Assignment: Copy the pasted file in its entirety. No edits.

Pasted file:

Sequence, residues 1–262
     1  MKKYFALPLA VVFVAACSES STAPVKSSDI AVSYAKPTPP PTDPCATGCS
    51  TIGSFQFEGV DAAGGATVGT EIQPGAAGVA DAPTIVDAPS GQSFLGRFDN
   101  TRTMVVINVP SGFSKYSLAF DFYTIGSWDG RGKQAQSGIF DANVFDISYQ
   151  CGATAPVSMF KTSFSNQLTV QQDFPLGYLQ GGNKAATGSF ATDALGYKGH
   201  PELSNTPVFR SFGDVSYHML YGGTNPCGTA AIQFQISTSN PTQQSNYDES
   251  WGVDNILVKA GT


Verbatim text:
Sequence, residues 1–262
     1  MKKYFALPLA VVFVAACSES STAPVKSSDI AVSYAKPTPP PTDPCATGCS
    51  TIGSFQFEGV DAAGGATVGT EIQPGAAGVA DAPTIVDAPS GQSFLGRFDN
   101  TRTMVVINVP SGFSKYSLAF DFYTIGSWDG RGKQAQSGIF DANVFDISYQ
   151  CGATAPVSMF KTSFSNQLTV QQDFPLGYLQ GGNKAATGSF ATDALGYKGH
   201  PELSNTPVFR SFGDVSYHML YGGTNPCGTA AIQFQISTSN PTQQSNYDES
   251  WGVDNILVKA GT